In our anecdotal experience, visual outcomes are poor in pseudophakic geriatric patients with fall-related OG injuries, particularly with extracapsular cataract extraction (ECCE) wound dehiscence, but prognostic data are limited. Few reports have addressed geriatric and fall-related OG injuries in general.5,6 A report of phakic and pseudophakic geriatric OG injuries (all mechanisms) demonstrated worse initial and follow-up BCVA and lower ocular trauma score (OTS) compared to their younger counterparts.5 In a report of OG injuries resulting from falls in phakic and pseudophakic patients of all ages, fall-related OG injuries resulted in worse initial and postoperative BCVA, and they occurred more frequently in older patients than in the control database of OG injuries.6

The magnitude of the public health and economic consequences of fall-related ocular injuries will increase as the aging population grows. The aim of this study therefore was to investigate the characteristics, visual and surgical outcomes, and prognostic factors of fall-related OG injuries in pseudophakic patients.

Methods

The study protocol was approved by the Human Investigations Committee of the Yale University School of Medicine. A retrospective chart review was performed for all patients who presented to the Yale–New Haven Hospital with OG injury between January 1, 2003, and December 31, 2013. The hospital and outpatient records were reviewed for the selection of cases and tabulation of demographics, ophthalmic history, circumstances and mechanism of injury; BCVA and ocular examination findings at the time of injury; and surgical interventions and the follow-up BCVA and ocular examination findings. Fall-related OG injuries in pseudophakic patients with at least 6 months of follow-up after injury were identified for inclusion in the study.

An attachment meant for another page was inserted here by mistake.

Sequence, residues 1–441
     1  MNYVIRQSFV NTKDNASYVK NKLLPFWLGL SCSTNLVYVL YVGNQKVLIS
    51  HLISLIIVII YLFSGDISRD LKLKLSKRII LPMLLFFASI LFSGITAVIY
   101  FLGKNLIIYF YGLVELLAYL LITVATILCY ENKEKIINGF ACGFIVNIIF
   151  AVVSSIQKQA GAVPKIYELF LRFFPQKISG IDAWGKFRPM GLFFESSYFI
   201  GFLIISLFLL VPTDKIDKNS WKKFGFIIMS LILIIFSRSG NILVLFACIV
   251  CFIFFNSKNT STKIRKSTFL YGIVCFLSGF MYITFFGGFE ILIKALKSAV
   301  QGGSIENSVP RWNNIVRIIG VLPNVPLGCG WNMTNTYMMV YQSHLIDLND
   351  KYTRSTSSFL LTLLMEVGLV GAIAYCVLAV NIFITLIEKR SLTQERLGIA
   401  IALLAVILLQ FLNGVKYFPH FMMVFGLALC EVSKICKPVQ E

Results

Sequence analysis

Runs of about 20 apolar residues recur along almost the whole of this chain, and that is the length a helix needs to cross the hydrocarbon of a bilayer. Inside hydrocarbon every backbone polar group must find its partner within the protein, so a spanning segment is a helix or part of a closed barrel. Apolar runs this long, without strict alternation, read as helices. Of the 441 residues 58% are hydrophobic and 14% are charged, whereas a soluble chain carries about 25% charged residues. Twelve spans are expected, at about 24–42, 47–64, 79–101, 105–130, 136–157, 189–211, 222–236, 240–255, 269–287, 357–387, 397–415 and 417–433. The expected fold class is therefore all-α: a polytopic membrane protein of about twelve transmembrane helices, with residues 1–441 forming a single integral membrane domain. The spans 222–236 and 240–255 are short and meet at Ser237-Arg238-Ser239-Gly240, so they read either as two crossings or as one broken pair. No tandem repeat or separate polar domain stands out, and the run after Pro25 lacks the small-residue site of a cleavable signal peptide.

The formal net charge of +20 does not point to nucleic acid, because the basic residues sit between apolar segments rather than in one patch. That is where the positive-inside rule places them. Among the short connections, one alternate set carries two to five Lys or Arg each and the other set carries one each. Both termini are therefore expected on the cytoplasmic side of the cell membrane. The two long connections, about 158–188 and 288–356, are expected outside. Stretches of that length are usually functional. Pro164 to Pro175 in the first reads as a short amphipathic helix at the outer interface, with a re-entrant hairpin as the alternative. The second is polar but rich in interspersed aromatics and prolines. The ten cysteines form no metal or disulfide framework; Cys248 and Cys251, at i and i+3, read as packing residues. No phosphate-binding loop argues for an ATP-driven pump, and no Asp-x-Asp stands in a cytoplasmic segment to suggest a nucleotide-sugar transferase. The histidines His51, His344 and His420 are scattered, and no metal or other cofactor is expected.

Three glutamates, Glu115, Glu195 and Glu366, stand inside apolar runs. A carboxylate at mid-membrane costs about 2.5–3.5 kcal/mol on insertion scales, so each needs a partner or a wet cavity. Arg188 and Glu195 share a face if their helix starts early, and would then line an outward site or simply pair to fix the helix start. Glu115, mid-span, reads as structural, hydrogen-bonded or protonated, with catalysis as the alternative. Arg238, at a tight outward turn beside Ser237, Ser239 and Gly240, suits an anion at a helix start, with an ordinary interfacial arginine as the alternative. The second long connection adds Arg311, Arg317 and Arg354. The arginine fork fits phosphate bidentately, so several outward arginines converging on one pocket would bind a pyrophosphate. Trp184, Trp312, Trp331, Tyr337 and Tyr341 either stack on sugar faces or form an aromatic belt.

OTS was calculated as described previously for each patient.7 We used unpaired t-tests to compare mean ± standard deviation (SD) of the OTS between patients with 1) history of ECCE versus standard phacoemulsification (PE), 2) history of penetrating keratoplasty (PKP) versus no PKP, 3) final BCVA ≥20/40 versus <20/40, 4) final BCVA ≥20/400 versus <20/400, and 5) phthisis at final follow-up versus no phthisis. Mean (± SD) of wound size (in millimeters) was also compared among the aforementioned groups.

Fisher’s exact tests were used to determine if significant associations existed between predictor variables and outcomes. Predictors were presence of layering hyphema (any size), total hyphema, 360° subconjunctival hemorrhage (SCH), intraocular lens (IOL) damage, IOL expulsion, vitreous hemorrhage, retinal detachment (RD), choroidal detachment or rupture, wound size ≥10 mm, uveal prolapse, vitreous prolapse, corneal wound (Zone I),8 corneoscleral wound within 5 mm of the limbus (Zone II), corneoscleral wound extending ≥5 mm from the limbus (Zone III), future RD, and future proliferative vitreoretinopathy (PVR). Outcomes were final BCVA ≥20/40, final BCVA ≥20/400, final BCVA <20/400, no light perception at final follow-up, phthisis at final follow-up, ≥2 surgeries needed during follow-up, and ≥3 surgeries needed during follow-up. An odds ratio >1 (correlative) or <1 (inverse) with P≤0.05 was considered significant. Statistical analyses were performed using SAS 9.3.